Based on the aforementioned data, the risk index (RI) identifies the percentage of all students of a given racial/ethnic group in a given disability category. The RI is calculated by dividing the number of students in a given racial/ethnic group served in a given disability category (e.g. LD) by the total enrollment for that racial/ethnic group in the school population. The 1998 OCR data revealed risk indices for all racial/ethnic groups that were higher for LD than those found for MR. The NRC (2002) report stated that, “Asian/Pacific Islander have placement rates of 2.23%. Rates for all other racial/ethnic groups exceed 6%, and for American Indian/Alaskan Natives, the rate reached 7.45%” (p. 47). The second index, odds ratio, provides a comparative index of risk and is calculated by dividing the risk index on one racial/ethnic group by the risk index of another racial/ethnic group. In the OCR and OSEP databases, the odds ratios are reported relative to White students. If the risk index is identical for a particular minority group and White students, the odds ratio will equal 1.0. Odds ratios greater than 1.0 indicate that minority group students are at a greater risk of identification, while odds ratios of less than 1.0 indicate that they are less at risk. Using the 1998 OCR placement rates, the LD odds ratio for American Indian/Alaskan Natives is 1.24, showing that they have a 24% greater likelihood of being assigned to the LD category than White students. Odds ratios for Asian/Pacific Islander are low (0.37). For both Black and Hispanic students, the odds ratios are close to 1.0. The third index, composition index (CI), shows the proportion of all children served under a given disability category who are members of a given racial/ethnic group and is calculated by dividing the number of students of a given racial or ethnic group enrolled in a particular disability category. Two underlying assumptions of the CI are that the sum of composition indices for the five racial/ethnic groups will total 100%, and baseline enrollment of a given racial/ethnic group is not controlled. More specifically, the CI may be calculated using the percent of 6- through 21-year old population with the racial/ethnic composition of IDEA and U.S. census population statistics. For example, if 64% of the U.S. population is White, 15% is Black, 16% is Hispanic, 4% is Asian, and 1% is American Indian these data not interpretable without knowing the percentage of the racial/ethnic composition with IDEA. Hypothetically, IDEA data may show that of the 6–21 year olds served under IDEA, 63% are White, 20% are Black, 14% are Hispanic, 2% are Asian, and 1% is American Indian. To calculate disproportionality, a benchmark (e.g. 10%) against which to measure the difference between these percentages must be used. If the difference between the two percentages and the difference represented as a proportion of the group’s percent of population exceeds +10, then the racial/ethnic group is overrepresented. Conversely, if the difference between the two percentages and the difference represented as a proportion of the group’s percent of the population is larger than −10, then, the racial/ethnic group is underrepresented.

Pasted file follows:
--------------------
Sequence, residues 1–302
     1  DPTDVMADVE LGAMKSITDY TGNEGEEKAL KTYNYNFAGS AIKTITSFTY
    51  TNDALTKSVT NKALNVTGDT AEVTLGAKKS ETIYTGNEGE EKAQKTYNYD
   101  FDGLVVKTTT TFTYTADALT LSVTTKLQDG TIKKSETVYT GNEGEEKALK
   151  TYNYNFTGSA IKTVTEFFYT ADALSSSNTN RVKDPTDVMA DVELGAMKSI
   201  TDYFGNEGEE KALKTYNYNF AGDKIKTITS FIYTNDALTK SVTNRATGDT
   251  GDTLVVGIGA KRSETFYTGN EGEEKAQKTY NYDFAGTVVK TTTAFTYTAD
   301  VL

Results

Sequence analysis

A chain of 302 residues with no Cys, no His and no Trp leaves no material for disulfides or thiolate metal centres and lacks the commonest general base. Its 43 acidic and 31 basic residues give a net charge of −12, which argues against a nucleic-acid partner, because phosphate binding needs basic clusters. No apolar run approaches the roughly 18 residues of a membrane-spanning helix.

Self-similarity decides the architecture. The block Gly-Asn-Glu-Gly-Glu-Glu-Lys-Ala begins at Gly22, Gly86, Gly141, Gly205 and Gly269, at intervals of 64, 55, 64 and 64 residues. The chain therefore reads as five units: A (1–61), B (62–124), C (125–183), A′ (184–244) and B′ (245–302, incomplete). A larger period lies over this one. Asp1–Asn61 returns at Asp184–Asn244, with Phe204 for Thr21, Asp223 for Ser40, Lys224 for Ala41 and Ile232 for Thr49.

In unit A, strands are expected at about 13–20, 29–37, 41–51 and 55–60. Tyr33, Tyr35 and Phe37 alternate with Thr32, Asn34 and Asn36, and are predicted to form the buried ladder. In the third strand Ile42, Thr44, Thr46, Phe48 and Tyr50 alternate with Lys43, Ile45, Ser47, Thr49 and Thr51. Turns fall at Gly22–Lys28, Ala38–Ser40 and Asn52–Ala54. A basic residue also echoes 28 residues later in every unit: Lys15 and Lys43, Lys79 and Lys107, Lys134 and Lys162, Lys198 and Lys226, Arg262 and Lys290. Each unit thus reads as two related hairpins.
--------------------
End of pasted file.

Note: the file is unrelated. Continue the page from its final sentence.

Obiakor, F.E. and Utley, C.A. (2005), "MULTICULTURAL LEARNERS WITH LEARNING DISABILITIES: BEYOND EUROCENTRIC PERSPECTIVES", Burkhardt, S., Obiakor, F. and Rotatori, A.F. (Ed.) Current Perspectives on Learning Disabilities (Advances in Special Education, Vol. 16), Emerald Group Publishing Limited, Bingley, pp. 35-64. https://doi.org/10.1016/S0270-4013(04)16003-0Download as .RIS
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